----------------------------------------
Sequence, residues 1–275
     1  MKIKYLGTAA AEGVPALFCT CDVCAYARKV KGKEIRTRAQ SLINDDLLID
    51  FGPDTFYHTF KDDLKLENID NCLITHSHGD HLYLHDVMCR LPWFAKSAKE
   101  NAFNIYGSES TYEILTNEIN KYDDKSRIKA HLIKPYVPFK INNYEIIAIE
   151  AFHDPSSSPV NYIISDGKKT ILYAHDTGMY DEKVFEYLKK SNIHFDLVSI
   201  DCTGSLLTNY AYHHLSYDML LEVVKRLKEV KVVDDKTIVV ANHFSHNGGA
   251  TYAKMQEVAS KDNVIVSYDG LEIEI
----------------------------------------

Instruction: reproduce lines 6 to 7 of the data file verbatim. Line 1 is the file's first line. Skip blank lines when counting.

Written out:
   201  DCTGSLLTNY AYHHLSYDML LEVVKRLKEV KVVDDKTIVV ANHFSHNGGA
   251  TYAKMQEVAS KDNVIVSYDG LEIEI